"... In compressed sensing, the restricted isometry property (RIP) is a sufficient condition for the efficient reconstruction of a nearly ksparse vector x ∈ C d from m linear measurements Φx. It is desirable for m to be small, and for Φ to support fast matrixvector multiplication. In this work, we give ..."
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Cited by 11 (3 self)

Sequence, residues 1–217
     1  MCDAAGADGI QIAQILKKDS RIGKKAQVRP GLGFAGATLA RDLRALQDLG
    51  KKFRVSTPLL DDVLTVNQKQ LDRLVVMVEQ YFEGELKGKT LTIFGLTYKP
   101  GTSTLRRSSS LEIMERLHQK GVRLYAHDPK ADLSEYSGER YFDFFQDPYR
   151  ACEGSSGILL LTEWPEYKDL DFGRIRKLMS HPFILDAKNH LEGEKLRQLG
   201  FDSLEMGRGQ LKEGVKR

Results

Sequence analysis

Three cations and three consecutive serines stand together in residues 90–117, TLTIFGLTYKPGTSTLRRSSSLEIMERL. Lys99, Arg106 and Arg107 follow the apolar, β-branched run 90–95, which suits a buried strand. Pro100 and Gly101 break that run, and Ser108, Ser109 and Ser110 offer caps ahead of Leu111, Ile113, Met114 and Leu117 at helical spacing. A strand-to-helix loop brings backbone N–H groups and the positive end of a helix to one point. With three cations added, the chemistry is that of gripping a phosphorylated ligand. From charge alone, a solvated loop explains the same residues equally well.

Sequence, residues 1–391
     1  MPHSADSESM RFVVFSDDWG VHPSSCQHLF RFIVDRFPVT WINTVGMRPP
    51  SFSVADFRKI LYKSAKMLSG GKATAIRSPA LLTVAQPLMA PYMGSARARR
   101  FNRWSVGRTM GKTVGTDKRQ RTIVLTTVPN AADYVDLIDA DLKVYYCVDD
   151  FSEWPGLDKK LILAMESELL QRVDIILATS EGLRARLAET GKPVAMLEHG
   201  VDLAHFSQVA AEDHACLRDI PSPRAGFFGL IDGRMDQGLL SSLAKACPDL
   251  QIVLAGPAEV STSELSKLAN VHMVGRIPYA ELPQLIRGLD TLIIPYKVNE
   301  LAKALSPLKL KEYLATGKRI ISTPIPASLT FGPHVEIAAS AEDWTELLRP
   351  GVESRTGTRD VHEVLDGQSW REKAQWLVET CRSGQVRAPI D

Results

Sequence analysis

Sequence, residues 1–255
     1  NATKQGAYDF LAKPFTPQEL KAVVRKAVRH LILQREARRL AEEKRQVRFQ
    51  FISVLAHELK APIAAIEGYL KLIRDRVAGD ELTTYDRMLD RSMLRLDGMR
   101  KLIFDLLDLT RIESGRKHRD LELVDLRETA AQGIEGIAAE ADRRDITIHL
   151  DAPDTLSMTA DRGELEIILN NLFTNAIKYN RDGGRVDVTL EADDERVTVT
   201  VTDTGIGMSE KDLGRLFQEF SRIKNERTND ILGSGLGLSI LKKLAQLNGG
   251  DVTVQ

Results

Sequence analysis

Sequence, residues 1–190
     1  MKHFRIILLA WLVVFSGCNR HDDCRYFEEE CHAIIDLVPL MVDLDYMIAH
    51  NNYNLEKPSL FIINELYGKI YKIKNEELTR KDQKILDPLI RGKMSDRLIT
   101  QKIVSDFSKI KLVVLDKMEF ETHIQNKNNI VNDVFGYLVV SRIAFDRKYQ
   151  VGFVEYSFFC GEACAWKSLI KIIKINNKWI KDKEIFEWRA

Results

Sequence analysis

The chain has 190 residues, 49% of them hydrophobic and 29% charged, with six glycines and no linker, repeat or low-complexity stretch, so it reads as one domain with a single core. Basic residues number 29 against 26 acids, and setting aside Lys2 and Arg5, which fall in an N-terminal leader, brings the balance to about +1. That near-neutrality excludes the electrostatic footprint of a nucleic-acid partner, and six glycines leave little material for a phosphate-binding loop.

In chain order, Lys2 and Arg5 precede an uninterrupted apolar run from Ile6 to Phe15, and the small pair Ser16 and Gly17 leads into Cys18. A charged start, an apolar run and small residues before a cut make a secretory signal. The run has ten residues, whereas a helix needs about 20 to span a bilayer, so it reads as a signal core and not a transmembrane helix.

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In compressed sensing, the restricted isometry property (RIP) is a sufficient condition for the efficient reconstruction of a nearly ksparse vector x ∈ C d from m linear measurements Φx. It is desirable for m to be small, and for Φ to support fast matrixvector multiplication. In this work, we give a randomized construction of RIP matrices Φ ∈ C m×d, preserving the ℓ2 norms of all ksparse vectors with distortion 1 + ε, where the matrixvector multiply Φx can be computed in nearly linear time. The number of rows m is on the order of ε −2 k log d log 2 (k log d). Previous analyses of constructions of RIP matrices supporting fast matrixvector multiplies, such as the sampled discrete Fourier matrix, required m to be larger by roughly a log k factor. Supporting fast matrixvector multiplication is useful for iterative recovery algorithms which repeatedly multiply by Φ or Φ ∗. Furthermore, our construction, together with a connection between RIP matrices and the JohnsonLindenstrauss lemma in [KrahmerWard, SIAM. J. Math. Anal. 2011], implies fast JohnsonLindenstrauss embeddings with asymptotically fewer rows than previously known. Our approach is a simple twist on previous constructions. Rather than choosing the rows for the embedding matrix to be rows sampled from some larger structured matrix (such as the discrete Fourier transform or a random circulant matrix), we instead choose each row of the embedding matrix to be a linear combination of a small number of rows of the original matrix, with random sign flips as coefficients. The main tool in our analysis is a recent bound for the supremum of certain types of Rademacher chaos processes in [KrahmerMendelsonRauhut, arXiv abs/1207.0235]. 1